Like an Eagle

There are a number of things we can learn from the eagle.

The eagle is a large and fearsome bird. As though it were
aware of its powers, it is careful to approach its nest slowly to avoid scaring
its children. The nestlings need time to recognize the features of the large
bird that is descending upon them, to see the familiar signs that assure them
that the awesome creature is a friend and not an enemy. It takes time to adapt
to a difficult situation. When we are taken by surprise by something that is
hard to deal with, it takes us off guard and may well elicit negative reactions—fear,
anxiety, anger—that are hard to control. We have to have patience with
ourselves while realizing that these reactions—these first reactions—can be
overcome in the course of time by adapting ourselves to the situation.

The eagle is never afraid of what is above him. There are no
predators that look down upon him from above. His only fear is what comes from
the ground below, for man is the only creature that hunts the eagle. A person
should not be afraid to put himself above his problems. The only thing he should
fear is impulses of fear and anger that come from below.

Even though the eagle flies very high, he can see the
smallest mouse moving along the ground. He has keen eyesight that assures that
no matter how high he flies, he never loses touch with the earth, for though he
lives in the heights, he is nourished from the ground. Sometimes people try to
rise above their problems by denying them. They develop patterns of thinking and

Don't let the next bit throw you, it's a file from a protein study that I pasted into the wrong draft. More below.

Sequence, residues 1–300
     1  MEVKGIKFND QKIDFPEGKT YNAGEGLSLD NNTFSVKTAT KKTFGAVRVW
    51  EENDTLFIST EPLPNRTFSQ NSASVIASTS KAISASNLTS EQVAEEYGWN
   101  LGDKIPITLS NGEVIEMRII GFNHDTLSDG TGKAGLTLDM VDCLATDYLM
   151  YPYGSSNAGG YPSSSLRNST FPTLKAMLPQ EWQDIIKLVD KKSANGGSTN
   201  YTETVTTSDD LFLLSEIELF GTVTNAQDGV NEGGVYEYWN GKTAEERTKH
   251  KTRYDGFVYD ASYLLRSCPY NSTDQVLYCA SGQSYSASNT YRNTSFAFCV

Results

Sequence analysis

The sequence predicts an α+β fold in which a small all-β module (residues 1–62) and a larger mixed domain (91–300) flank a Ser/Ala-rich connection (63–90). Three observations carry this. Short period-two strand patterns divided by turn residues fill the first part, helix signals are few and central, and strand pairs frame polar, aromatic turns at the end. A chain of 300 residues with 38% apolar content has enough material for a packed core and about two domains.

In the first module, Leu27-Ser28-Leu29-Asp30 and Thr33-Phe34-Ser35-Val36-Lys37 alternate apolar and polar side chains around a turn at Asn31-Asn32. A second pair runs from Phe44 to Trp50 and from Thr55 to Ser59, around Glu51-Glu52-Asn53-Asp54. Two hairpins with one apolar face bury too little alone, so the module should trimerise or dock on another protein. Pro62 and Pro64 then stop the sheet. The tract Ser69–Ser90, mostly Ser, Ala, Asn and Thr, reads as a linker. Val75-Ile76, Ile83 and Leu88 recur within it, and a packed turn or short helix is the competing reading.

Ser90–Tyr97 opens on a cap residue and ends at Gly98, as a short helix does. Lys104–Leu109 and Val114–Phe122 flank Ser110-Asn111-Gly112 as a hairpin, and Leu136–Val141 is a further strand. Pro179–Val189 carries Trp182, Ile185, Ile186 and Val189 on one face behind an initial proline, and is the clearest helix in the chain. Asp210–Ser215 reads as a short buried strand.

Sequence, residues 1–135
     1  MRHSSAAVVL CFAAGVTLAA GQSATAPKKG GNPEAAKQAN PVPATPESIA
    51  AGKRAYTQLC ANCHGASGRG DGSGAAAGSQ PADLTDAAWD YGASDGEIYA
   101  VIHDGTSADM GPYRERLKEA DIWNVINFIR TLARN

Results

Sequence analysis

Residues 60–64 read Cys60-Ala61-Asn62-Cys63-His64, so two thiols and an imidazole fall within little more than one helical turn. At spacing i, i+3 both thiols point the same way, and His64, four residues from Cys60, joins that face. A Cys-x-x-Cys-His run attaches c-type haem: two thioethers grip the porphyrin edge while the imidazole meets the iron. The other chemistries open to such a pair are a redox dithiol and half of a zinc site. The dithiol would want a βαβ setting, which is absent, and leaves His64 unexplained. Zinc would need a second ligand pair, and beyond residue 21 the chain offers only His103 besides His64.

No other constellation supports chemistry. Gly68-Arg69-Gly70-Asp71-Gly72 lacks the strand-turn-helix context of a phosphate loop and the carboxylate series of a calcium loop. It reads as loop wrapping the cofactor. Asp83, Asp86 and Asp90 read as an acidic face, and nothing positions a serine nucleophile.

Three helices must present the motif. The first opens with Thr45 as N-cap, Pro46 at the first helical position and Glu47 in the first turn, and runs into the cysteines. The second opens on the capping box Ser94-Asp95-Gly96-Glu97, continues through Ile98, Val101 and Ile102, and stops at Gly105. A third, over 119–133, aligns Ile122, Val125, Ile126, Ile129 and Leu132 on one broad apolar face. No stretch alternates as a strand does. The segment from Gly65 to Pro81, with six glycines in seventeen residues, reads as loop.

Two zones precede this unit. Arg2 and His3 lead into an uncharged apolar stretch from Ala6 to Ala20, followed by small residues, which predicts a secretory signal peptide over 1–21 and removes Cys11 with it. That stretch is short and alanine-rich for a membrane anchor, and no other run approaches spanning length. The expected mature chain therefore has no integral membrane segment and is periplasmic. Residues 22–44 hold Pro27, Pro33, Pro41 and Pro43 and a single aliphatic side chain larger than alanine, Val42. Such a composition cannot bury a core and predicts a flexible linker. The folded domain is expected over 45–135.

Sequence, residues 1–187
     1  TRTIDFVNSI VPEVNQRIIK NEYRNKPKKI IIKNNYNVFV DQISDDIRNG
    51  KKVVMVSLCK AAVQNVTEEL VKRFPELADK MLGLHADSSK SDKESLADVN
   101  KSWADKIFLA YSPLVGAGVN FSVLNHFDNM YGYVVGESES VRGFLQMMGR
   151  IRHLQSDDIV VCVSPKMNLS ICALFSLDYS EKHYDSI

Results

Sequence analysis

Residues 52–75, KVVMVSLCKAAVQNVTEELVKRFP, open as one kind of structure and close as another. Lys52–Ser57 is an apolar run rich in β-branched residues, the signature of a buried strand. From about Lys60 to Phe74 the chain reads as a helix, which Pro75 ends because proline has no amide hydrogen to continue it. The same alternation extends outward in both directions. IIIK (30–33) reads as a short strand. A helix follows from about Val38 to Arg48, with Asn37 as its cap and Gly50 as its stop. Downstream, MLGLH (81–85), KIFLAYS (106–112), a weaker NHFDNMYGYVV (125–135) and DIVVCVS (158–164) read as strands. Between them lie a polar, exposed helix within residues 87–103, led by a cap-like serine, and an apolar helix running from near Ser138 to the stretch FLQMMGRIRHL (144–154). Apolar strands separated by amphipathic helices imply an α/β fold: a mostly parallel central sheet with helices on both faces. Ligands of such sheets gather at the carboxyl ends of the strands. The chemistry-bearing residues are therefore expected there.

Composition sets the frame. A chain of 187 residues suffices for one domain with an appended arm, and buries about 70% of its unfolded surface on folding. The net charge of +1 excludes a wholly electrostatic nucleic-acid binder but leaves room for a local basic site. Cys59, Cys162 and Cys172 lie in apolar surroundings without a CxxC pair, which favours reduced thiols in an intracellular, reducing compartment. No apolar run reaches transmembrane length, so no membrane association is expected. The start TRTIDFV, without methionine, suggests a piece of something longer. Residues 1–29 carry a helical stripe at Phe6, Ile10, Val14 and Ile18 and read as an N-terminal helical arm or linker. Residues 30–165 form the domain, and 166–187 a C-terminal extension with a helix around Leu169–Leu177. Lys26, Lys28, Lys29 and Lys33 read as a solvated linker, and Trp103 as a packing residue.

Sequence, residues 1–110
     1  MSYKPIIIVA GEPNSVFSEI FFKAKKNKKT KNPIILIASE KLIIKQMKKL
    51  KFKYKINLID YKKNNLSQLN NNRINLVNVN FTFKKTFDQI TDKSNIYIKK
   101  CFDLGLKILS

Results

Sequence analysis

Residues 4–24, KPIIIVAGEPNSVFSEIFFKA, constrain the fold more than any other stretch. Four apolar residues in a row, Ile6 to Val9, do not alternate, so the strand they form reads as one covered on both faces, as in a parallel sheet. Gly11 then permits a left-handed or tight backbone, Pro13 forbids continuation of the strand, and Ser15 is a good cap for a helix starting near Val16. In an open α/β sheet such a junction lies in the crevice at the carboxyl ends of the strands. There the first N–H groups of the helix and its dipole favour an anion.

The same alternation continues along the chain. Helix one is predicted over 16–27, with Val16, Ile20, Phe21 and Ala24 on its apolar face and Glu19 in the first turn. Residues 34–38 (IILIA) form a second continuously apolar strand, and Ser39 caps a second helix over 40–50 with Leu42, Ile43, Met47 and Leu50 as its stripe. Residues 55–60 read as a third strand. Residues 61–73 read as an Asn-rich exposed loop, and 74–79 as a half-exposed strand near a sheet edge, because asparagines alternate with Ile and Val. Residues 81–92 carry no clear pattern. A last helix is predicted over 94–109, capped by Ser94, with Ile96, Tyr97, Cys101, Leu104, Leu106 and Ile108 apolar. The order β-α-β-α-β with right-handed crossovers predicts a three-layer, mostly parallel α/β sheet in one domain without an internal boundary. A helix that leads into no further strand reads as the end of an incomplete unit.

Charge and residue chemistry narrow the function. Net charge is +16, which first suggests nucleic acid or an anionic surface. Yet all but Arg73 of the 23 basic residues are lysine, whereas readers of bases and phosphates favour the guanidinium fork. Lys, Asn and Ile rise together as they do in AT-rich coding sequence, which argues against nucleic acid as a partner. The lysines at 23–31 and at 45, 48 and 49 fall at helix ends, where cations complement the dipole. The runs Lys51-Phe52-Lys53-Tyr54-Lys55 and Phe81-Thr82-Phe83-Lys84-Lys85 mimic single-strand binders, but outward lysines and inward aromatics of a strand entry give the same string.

fixed ideas that are soothing but deceitful, that protect them, but at a price,
for they break their contact with reality and their willingness to see the
truth. We rise above our problems by getting a new perspective on them, not by
denying them. That new perspective which lifts us above our problems is the
awareness of some consoling or compensating goodness that enables us to accept
our problems.

The eagle is a large and heavy bird, but even so it flies
high and strong. Sometimes people respond to problems with a feeling of
heaviness that weakens them so that they can’t lift themselves above their
problems. It closes them down in a way that prevents them from seeing anything
good that could come from their problems, and makes it hard for them to
experience the wholesome joys of life that could nourish and strengthen their
battered feelings. They’re stuck in the mud. They can’t move. The eagle is
capable of lifting the weight of its large body. It has the power to overcome
the inertia that would otherwise keep him grounded. In order for a person to
adapt to a negative situation, he has to be able to overcome the inertia—the
heaviness—that closes the heart to the positive things that could lift him
above his problem.

As we have mentioned in previous articles, the midrash
presents us with an allegorical description of the life cycle of the eagle. It
reports that every ten years, after flying high toward the sun, the eagle falls
into the sea and loses its feathers. Its body is not injured. It grows new
feathers and rises, once again, into the sky. The only thing the eagle loses is
its feathers. It remains intact. Neither the heat of the sun or the depths of
the sea do anything but damage its most external part. They don’t hurt him any
more deeply than that.

Problems never effect the essence of a person. The person is
always beyond the problem. Problems are difficulties we face in dealing with the
world or with relatively external aspects of ourselves—aspects of ourselves
which are outside our most essential, deepest and authentic sense of identity.
Even the most severe health problems pertain only to the body, and although we
cannot live in this world without a body, the body is not what we have in mind
when we think of essence of a human being. When we realize that our problems do
not threaten us in any essential way, it is much easier to rise above them.